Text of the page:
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Marcos Valle in Los Angeles in 1968. (Courtesy of the artist)

Reissued And Relevant, Marcos Valle's '70s Bossa Nova Returns

by Will Hermes
Feb 5, 2013 (All Things Considered)

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Will Hermes

Marcos Valle wasn't identified with Brazil's influential Tropicalia movement during the 1960s and 1970s. But, like his peers Caetano Veloso and Gilberto Gil, he made ambitious and subversive pop music during those years, mixing American soul and rock with samba, bossa nova and other Brazilian styles. His best work ranks with the most kinetically tuneful music Brazil has ever produced, and has been sampled by artists like Jay-Z and Kanye West.

This week, four of Valle's best records — Marcos Valle, Garra, Vento Sul and Previsao Do Tempo — are being reissued. They were made in the early 1970s, when Brazil was under military rule and government censors were always on the lookout. As the liner notes explain, Valle was forced to alter a line that celebrated race-mixing in the song "Black Is Beautiful." But in the title track from Garra, he got away with critiquing what he saw as a blindly capitalist culture. One line translates roughly as, "I run after money, ha ha, until my whole body collapses."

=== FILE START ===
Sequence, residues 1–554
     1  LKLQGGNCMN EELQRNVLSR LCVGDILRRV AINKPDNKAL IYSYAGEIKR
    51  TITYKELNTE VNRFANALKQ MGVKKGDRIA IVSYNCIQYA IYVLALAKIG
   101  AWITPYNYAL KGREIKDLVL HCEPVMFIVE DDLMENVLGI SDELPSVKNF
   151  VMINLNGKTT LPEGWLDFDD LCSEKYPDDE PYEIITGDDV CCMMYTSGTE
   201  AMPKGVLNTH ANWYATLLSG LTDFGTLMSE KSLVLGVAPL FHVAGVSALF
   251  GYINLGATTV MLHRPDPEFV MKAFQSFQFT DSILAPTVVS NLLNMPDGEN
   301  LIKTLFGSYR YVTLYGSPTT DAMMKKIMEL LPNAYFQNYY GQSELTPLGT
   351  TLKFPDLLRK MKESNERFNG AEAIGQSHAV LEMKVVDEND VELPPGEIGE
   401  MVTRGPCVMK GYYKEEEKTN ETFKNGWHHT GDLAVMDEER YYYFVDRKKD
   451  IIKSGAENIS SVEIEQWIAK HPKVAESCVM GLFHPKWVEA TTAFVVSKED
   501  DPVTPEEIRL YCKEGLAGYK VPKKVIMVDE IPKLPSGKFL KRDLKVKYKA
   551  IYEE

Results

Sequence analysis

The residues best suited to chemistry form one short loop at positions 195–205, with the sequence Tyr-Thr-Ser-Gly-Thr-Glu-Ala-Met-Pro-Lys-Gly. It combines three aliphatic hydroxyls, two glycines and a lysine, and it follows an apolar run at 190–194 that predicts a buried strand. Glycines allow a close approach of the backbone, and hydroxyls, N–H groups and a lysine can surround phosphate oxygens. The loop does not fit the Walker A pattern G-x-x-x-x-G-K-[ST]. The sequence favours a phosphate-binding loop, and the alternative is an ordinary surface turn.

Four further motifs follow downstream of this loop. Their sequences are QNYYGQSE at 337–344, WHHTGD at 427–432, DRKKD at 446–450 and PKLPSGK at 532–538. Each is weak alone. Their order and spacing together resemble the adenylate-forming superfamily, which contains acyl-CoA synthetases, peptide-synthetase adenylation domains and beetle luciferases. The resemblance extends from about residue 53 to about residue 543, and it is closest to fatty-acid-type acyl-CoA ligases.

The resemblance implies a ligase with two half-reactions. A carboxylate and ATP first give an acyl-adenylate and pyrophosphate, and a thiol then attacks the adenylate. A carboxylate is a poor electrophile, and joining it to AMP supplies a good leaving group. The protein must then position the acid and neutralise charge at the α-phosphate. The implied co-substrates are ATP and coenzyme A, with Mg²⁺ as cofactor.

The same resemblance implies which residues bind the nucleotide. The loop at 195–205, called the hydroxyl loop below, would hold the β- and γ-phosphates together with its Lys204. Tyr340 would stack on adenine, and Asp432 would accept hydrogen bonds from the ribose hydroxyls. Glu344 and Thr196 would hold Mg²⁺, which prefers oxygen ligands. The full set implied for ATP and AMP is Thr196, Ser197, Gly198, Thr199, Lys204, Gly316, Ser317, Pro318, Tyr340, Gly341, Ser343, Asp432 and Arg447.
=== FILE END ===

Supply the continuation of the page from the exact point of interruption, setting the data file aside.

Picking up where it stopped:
Valle wrapped his coded political commentary in seductive music that echoed The Beatles and Stevie Wonder. But his percussive vocal style feels very modern, as artists like Frank Ocean and Drake split the difference between rapping and soul-singing. The chill soul-jazz vibe of these records also sounds timely alongside recent records by Jose James and Robert Glasper. Valle is in his late 60s and still making forward-looking music, but these recordings show that he was making timeless jams pretty much from the get-go.

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